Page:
PCC/ CCOG / MUC

Course Content and Outcome Guide for MUC 101

Course Number:
MUC 101
Course Title:
Commercial Music Theory I
Credit Hours:
3
Lecture Hours:
30
Lecture/Lab Hours:
0
Lab Hours:
0
Special Fee:
 

Course Description

Covers chord types and scales, and their proper spellings. Practice dictation practice. Includes music copying. Audit available.

Intended Outcomes for the course

Material for the course will be presented in a lecture format, this buttressed by listening to examples both recorded and performed by in class ensembles. Question and Answer sessions conclude each class. Musical styles presented include, for example, jazz, blues, fusion, classical (1750-1900), and rock

  • Students will be able to recognize and notate rhythms in simple meters; standard and jazz interpretation of these rhythms will be required.
  • In bass and treble clef students will be able to write primary melodic ideas, both heard and self-generated.
  • Students will be able to identify and intervals, scales, key signatures, triads, 6th, and 7th chords.
  • Students will be able to voice (to some degree) triads and four note chords.
  • Students will be able to compose and write a twelve measure blues using cadences and standard harmonizations
  • Students will be able to transpose this melody for given instrumentation and provide parts for the rhythm section.

Outcome Assessment Strategies

During the first week of class instructor will discuss with students grading policy for the term. Aside from attendance (90% of all classes) criteria will likely include:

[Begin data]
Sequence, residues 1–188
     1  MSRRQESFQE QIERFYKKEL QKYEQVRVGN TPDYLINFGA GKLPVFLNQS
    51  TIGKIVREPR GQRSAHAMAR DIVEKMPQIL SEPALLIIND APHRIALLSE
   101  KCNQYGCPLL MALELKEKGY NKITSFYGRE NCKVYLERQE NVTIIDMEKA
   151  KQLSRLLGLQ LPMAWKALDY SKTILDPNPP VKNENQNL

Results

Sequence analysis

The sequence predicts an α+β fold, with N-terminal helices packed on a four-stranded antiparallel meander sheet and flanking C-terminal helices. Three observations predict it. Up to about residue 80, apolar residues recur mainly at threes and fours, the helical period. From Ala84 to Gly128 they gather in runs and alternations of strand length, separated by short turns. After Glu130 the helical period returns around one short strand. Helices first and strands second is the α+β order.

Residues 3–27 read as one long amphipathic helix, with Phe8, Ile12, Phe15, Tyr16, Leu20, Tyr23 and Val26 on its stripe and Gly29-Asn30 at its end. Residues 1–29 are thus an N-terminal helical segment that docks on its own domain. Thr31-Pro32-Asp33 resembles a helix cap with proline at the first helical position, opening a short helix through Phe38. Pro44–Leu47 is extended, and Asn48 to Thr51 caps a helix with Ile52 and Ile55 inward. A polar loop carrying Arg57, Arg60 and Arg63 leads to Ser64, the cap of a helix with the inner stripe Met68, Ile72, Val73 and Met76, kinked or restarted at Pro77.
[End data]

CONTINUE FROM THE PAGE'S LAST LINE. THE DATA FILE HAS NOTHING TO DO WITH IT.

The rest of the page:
• Weekly oral quizzes
  • Weekly aural or listening quizzes
  • Take home projects: analytical, research, or creative
  • In-class final exam, to include written and listening response
  • Final project: A twelve measure blues for instrumentation TBA

Course Content (Themes, Concepts, Issues and Skills)

  • Clef notation; accidentals
  • Intervals; fixed, inverted, as used in transposition for certain instruments
  • Rhythmic values, time signatures and the four behaviors of rhythm
  • Key signatures, constructing major and minor scales, nomenclature
  • Triad types, scale tone triads, spelling and nomenclature
  • Melody as related to pitch, key and scale,harmony; typical phrases
  • Melody as a function of rhythm
  • Connecting triads: from root position to inversions
    • Common progressions of triads
    • Introducing four note chords (6th and 7th)
    • Inversions and smooth connections of these chords
    • Non-harmonic tones (intro): nomenclature and demonstration
    • Presentation of twelve measure blues progressions

Competencies and Skills:
The following skills are expected to successfully meet the minimum requirement of "C" or "Pass" for the course.

  • Hear, recognize, and notate intervals
  • Know major/minor scales, key signatures, scale tone triads
  • Hear and notate rhythmic behavior: standard and jazz interpretation
  • Provide nomenclature for scale tones, cadences, triads, four note chords, and non-harmonic tones (at preliminary level)
  • Recognize melodic structures
  • Analyze given material, i.e. rhythm, harmony, and melody
  • Transpose melody/harmony for random instruments
  • Complete compositional tasks as per agreement in class